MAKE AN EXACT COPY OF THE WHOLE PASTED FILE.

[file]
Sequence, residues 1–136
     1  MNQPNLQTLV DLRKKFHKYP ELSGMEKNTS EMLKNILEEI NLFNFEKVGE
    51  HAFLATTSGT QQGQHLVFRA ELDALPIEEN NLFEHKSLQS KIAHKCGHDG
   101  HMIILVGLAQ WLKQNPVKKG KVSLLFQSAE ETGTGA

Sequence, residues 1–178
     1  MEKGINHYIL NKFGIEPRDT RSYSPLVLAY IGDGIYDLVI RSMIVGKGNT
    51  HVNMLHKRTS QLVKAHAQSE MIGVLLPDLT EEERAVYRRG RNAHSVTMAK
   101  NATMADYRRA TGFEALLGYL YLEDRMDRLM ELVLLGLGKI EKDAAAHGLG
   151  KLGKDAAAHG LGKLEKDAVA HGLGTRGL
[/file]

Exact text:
Sequence, residues 1–136
     1  MNQPNLQTLV DLRKKFHKYP ELSGMEKNTS EMLKNILEEI NLFNFEKVGE
    51  HAFLATTSGT QQGQHLVFRA ELDALPIEEN NLFEHKSLQS KIAHKCGHDG
   101  HMIILVGLAQ WLKQNPVKKG KVSLLFQSAE ETGTGA

Sequence, residues 1–178
     1  MEKGINHYIL NKFGIEPRDT RSYSPLVLAY IGDGIYDLVI RSMIVGKGNT
    51  HVNMLHKRTS QLVKAHAQSE MIGVLLPDLT EEERAVYRRG RNAHSVTMAK
   101  NATMADYRRA TGFEALLGYL YLEDRMDRLM ELVLLGLGKI EKDAAAHGLG
   151  KLGKDAAAHG LGKLEKDAVA HGLGTRGL